The New Zealand Bar Association has released a Policy, to address sexual harassment and bullying and they're encouraging barristers who work in chambers to support it.
Barristers make up 10.5% of all New Zealand lawyers. Among the 1380 barristers practising as at 1 February, 2018, 120 were practising Queen’s Counsel.
The Chambers Conduct & Values Policy covers all people working in chambers, visiting chambers and providing services to chambers. It covers barristers, junior barristers, members of staff and instructing solicitors.
“It came about as a result of the media attention to this very serious issue in the profession. There was a need to make sure that chambers was also involved in dealing with this problem. I think that barristers have always been viewed as solitary individuals but that’s not true as we do work together in chambers. I think that if there is more than one barrister in a set, then they should have a policy in place,” says NZBA President Clive Elliott QC.
Mr Elliott says he’d expect some of the country’s biggest chambers such as Shortland Chambers - where there are 34 barristers - and Bankside Chambers - where there are 31 barristers - to sign up quickly.
“It’s up to the leading chambers to do this and then I think the smaller chambers will follow,” he says.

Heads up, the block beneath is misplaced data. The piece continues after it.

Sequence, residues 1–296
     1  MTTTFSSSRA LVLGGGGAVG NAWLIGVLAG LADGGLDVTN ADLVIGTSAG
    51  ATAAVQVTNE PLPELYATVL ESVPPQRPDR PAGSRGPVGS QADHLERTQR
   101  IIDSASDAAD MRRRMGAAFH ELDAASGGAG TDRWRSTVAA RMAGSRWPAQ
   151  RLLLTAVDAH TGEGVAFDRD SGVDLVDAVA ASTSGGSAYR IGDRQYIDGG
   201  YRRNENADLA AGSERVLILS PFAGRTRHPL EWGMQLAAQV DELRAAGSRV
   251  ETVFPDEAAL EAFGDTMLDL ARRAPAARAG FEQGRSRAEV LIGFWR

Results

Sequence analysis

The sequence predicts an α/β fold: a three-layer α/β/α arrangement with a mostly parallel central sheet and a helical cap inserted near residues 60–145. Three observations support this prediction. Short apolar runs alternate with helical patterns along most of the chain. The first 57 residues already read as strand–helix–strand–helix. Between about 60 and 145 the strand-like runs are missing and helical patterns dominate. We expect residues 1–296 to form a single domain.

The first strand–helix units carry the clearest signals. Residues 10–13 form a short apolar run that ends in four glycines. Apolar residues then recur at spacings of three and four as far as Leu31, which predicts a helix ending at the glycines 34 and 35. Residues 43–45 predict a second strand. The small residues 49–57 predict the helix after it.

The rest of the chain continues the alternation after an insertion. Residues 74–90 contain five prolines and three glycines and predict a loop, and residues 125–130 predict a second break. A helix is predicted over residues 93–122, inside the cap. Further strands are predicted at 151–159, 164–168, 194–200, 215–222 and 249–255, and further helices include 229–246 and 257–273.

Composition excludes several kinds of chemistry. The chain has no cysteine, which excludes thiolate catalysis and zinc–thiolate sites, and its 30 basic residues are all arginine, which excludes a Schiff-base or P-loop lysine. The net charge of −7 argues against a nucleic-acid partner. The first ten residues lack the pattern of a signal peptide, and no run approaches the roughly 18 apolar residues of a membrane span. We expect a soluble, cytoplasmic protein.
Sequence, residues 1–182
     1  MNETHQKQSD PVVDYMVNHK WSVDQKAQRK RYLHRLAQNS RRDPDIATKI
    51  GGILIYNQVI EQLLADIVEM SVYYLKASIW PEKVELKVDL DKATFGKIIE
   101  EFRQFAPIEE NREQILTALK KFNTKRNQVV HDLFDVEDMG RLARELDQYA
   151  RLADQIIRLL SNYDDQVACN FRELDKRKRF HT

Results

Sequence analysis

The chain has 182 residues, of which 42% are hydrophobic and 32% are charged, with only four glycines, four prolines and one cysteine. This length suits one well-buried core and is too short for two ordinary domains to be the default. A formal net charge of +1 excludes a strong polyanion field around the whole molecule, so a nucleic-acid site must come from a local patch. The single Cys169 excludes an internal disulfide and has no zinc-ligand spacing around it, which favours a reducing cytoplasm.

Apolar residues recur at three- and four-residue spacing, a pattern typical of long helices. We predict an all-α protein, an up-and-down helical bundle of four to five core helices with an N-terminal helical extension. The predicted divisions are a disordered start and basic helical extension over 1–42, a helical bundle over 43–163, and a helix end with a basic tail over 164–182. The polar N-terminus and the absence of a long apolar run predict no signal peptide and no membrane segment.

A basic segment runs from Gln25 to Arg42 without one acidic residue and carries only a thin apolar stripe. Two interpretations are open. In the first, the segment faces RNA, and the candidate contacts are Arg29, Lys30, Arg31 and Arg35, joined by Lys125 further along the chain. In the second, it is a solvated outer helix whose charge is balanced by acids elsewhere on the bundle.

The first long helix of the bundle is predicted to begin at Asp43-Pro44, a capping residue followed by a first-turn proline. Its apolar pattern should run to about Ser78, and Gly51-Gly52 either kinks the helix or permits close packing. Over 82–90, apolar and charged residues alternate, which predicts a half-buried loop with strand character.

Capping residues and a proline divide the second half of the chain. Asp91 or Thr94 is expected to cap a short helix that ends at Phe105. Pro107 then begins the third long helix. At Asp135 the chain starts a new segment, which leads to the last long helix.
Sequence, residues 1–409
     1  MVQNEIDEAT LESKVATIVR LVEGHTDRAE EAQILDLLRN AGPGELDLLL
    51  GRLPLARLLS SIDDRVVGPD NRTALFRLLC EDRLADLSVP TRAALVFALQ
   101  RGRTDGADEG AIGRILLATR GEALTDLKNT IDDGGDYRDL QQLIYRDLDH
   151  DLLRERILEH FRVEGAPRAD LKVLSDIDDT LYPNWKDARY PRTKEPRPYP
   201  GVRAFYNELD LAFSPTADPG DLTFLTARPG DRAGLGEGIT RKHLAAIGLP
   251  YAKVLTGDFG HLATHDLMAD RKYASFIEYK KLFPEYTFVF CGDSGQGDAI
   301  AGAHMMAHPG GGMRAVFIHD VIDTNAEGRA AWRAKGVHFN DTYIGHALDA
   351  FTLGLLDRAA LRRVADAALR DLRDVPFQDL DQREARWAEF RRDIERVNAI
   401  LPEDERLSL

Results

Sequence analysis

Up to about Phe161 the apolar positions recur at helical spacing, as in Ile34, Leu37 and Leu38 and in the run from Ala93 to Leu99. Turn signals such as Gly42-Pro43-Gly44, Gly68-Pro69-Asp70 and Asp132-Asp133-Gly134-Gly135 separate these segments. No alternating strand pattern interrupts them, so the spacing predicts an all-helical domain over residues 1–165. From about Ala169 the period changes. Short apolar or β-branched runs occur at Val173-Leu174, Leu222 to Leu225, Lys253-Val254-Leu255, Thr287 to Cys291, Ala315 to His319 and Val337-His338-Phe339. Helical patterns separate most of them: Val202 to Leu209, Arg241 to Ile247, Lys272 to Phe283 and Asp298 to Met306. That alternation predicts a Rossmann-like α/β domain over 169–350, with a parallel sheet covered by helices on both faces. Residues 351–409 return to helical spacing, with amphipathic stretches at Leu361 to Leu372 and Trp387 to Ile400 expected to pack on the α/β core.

The Chambers Conduct & Values Policy includes clear and concise examples of behaviour which may amount to harassment. This includes unwanted touching, requests for sexual favours in return for career advancement, sexual or racial jokes and bullying.
“It may seem obvious when you read it but sometimes there’s a fine line between something which may seem innocent enough but it is still an intrusion into someone’s space. While physical and sexual harassment might be well understood to most people, there are more subtle forms of harassment that might not be as understood to the same extent such as innuendos that can cross the line,” he says.
In the past, some lawyers, particularly women have been reluctant to make complaints of a sexual nature, fearing that it may affect their career prospects.
The Bar Association policy also demands a commitment to ensuring that no one who makes an allegation of harassment or discrimination in good faith should be subjected to any detriment or disfavour as a result.
Clive Elliott QC says he suspects that some people who have been subjected to harassment may feel that complaining could hold them back in their career, if for example there was an opportunity to become a full member of chambers.
“We’ve heard stories of people afraid to say something in case it affects their progression chances. It’s a very real consideration. Some people will feel that they don’t want to make a name for themselves as a trouble maker. We’ve really got to clear that away so that people can raise these issues without fear. It’s a small profession and there’s a reluctance by people to mark themselves as a troublemaker," he says.